Having gone into this one not knowing anything about passionate artist and activist Ai Weiwei, I afterwards felt a sense of embarrassment. As a figure of great importance to free thinkers around the world, Weiwei is one of the last true dissidents and his exploits should be required reading. Thank goodness filmmaker Alison Klayman decided to document the various plights and day to day struggles of the Chinese governments most feared citizen and the resulting "Ai Weiwei: Never Sorry" is an inspiring cinematic experience about freedom - but with a price.
It’s hard to believe that a man who years before was courted by the government to help design Bejing’s iconic Bird’s Nest Olympic Stadium would end up being on their hit list of folks who scare simply with words and images. Coming out against the Games as party Propaganda, Weiwei started a controversial trend of honesty through art that shook the very core of Chinese culture. Whether it was taking photos in front of the infamous Tiananmen Square with his middle finger extended, dedicating himself to searing memorials for over five thousand school children that died in shoddy government construction when the powers that be wouldn’t, creating art that reflected the turbulent, troubled and distinctively un-free Chinese society he saw or even using something simple as Twitter or leave profound messages of hope and change, Weiwei proved to be a loud singular voice that shows that one person can indeed make a difference.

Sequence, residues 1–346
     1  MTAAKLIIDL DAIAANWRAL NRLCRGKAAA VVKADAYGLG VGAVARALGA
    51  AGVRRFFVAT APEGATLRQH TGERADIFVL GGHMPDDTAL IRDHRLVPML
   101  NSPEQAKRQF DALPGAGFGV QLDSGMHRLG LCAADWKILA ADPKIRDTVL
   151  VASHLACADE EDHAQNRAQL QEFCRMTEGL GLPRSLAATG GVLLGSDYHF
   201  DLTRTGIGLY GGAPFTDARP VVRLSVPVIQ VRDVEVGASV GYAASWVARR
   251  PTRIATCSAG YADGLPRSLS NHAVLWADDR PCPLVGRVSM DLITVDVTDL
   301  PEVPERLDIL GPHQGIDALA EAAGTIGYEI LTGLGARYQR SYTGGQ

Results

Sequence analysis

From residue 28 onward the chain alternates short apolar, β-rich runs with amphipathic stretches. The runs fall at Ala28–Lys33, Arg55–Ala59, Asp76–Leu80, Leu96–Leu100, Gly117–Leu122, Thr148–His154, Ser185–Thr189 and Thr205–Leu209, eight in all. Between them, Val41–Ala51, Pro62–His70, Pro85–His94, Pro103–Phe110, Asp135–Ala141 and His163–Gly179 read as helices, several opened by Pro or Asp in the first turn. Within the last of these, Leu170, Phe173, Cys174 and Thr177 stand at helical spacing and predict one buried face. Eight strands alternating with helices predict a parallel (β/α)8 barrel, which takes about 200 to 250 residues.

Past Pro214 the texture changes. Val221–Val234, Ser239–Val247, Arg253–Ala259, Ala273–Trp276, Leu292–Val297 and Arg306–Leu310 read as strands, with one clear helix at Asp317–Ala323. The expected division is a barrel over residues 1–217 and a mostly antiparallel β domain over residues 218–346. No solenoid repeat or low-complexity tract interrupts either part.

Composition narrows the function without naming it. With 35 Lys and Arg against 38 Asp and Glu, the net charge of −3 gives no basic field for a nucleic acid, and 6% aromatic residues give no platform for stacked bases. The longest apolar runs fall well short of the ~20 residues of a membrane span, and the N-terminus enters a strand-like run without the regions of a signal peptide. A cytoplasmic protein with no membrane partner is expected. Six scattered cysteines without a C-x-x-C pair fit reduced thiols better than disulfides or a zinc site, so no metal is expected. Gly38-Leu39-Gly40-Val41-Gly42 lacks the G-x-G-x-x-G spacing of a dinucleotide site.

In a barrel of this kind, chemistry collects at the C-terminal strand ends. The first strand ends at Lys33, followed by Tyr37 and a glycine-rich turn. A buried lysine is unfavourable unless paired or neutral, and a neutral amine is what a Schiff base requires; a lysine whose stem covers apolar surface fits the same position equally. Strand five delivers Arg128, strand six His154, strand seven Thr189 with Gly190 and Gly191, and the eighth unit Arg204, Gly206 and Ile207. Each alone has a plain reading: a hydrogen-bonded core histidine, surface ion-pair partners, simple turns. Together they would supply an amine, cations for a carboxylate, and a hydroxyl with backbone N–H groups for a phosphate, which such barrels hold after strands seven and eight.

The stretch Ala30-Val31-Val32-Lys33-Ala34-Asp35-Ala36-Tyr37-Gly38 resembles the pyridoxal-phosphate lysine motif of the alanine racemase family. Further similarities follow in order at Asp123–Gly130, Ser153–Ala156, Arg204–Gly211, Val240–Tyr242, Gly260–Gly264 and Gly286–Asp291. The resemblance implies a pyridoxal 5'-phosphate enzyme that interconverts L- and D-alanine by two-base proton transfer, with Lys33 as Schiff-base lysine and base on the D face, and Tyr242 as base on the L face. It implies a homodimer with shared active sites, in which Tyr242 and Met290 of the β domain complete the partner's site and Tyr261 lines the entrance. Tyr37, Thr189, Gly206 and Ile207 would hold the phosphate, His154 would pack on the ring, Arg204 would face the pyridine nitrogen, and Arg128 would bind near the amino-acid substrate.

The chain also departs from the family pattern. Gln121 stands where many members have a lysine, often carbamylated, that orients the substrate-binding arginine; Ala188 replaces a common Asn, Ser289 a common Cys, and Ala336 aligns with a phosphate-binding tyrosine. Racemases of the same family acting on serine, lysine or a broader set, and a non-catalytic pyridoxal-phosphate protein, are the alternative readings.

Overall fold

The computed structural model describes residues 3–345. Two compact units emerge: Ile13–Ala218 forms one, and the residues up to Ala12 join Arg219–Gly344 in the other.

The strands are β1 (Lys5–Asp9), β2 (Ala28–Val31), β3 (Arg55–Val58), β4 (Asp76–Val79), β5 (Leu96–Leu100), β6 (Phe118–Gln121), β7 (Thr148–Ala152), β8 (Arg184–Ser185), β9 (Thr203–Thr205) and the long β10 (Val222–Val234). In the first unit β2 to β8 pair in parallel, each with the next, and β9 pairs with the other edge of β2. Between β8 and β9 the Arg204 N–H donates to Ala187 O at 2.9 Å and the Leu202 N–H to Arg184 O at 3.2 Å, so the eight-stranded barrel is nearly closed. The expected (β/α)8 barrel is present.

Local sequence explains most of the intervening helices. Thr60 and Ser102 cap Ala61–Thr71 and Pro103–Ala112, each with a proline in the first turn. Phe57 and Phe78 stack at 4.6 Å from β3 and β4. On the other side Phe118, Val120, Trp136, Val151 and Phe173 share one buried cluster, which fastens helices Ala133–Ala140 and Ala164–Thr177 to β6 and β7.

But there was a cost to such anarchy and rebellion. On the professional side Weiwei was targeted, badgered and even attacked by police - so much so that he was forced to go to hospital and get surgery. On the personal side of life there seems to be a real disconnect between Weiwei and various family members. Whether it be culture, society or merely the man himself, Director Klayman shows someone determined to get his message across no matter what the cost and to say his relationships have been strained and moved to a lower importance is an understatement. (But thoroughly engrossing!)
Which leads the cautionary part of the story. In April of 2011, Weiwei disappeared into police custody for three months and when he did reemerge his spirit had definitely taken a beating. It’s so obscene how when people fear change, the arrival of new thought and the exposing of truths not talked about some folks feel the need to beat it into submission. Equal parts wonder and woe, "Ai Weiwei: Never Sorry" shows the good, bad and the ugly of a David and Goliath story where the only weapons being brandished are ideas.